Add to basket
04/04/22

German democracy promotion: The German political foundations in the MENA region

The seven German political foundations are an essential part of German foreign policy. Due to their secured funding through German tax money paired with access to key political decision-makers, they are a unique institutional construction acting as a hybrid between an independent NGO and a state-funded think tank. For decades they have maintained offices and projects in the whole MENA region, shaping democratic developments in project countries and therefore contributing to German foreign policy on a soft-power level. This contribution reflects on their current activities in the MENA region, on their challenges and also on the possible impact of the change in German government on the foundations’ work.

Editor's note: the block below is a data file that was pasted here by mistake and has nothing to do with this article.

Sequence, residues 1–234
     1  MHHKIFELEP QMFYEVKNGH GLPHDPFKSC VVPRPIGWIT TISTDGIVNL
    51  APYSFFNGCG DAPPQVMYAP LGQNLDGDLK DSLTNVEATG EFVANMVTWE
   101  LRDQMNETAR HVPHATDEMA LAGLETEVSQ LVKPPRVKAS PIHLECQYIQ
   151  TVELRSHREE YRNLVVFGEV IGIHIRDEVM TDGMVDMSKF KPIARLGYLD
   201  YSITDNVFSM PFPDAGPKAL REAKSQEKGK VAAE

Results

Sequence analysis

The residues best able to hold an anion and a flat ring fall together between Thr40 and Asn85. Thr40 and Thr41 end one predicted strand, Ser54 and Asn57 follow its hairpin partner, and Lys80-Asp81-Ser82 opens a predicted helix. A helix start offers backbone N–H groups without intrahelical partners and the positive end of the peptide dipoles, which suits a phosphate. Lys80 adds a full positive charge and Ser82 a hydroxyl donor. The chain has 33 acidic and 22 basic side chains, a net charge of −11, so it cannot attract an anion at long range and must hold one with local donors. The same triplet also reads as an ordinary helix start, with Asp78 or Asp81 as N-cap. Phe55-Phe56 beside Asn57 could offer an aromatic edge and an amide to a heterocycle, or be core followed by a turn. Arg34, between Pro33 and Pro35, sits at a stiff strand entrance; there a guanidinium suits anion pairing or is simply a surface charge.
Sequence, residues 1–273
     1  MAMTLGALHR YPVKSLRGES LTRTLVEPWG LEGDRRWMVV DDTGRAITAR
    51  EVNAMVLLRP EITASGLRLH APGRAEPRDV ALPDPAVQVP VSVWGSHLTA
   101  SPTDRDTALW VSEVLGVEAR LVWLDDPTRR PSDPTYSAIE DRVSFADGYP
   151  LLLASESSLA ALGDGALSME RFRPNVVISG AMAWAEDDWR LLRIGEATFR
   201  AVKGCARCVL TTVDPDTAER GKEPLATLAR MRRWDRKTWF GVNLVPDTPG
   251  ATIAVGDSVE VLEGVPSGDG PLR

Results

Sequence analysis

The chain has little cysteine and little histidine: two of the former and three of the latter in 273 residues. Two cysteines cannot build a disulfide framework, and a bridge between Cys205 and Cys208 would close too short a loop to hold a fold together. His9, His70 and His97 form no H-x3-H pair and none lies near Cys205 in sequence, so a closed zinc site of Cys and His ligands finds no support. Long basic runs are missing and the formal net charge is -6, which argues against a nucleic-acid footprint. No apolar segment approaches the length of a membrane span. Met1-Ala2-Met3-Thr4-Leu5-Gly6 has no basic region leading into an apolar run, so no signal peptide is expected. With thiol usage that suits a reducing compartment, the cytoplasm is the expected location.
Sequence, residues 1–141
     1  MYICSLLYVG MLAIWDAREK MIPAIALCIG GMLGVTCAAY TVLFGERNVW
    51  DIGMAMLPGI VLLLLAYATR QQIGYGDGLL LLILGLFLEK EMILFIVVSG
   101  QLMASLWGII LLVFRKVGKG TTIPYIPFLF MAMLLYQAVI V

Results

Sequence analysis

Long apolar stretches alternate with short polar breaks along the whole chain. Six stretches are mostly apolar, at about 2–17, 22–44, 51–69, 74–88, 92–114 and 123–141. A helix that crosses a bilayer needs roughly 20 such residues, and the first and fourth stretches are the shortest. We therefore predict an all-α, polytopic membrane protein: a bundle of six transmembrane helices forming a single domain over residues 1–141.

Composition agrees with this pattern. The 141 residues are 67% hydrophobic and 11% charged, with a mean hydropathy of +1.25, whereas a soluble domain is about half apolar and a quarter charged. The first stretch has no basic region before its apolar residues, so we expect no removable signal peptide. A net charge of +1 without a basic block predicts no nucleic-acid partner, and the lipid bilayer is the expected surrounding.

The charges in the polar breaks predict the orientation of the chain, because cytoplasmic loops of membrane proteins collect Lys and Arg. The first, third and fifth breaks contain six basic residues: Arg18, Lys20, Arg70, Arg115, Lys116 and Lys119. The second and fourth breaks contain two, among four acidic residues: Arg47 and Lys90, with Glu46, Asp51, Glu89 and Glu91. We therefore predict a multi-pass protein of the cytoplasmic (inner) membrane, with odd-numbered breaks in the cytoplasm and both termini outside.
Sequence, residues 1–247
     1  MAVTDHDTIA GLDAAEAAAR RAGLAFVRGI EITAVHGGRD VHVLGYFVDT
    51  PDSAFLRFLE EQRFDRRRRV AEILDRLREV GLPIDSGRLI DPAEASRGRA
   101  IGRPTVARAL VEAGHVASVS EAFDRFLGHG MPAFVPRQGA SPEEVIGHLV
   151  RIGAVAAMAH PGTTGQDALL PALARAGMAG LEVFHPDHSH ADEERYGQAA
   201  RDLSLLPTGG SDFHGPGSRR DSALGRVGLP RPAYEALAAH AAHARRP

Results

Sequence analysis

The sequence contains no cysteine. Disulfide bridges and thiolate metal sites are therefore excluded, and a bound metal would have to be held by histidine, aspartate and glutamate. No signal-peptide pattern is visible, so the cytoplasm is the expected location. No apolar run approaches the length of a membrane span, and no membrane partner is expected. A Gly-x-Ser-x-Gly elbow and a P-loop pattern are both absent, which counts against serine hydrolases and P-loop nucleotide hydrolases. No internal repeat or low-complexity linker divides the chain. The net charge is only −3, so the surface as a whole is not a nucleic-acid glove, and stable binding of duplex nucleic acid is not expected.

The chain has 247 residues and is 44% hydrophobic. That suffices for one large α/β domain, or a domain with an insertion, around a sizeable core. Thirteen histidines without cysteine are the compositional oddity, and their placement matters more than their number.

Katharina Konarek the director of the Haifa Center for German and European studies (HCGEs) at the University of Haifa. she is a political scientist with a specialisation on German and European foreign policy. Her regional focus is on Israel and Palestine. In her PhD, conducted at the Bundeswehr University of Munich, she examines the role of the German political foundations in Israel and Palestine. Her book The German political foundations’ work between Jerusalem, Ramallah and Tel Aviv. A Kaleidoscope of Different Perspectives was published in 2018 by springer vs.

Add to basket
05/01/22

China’s anxiety over Afghanistan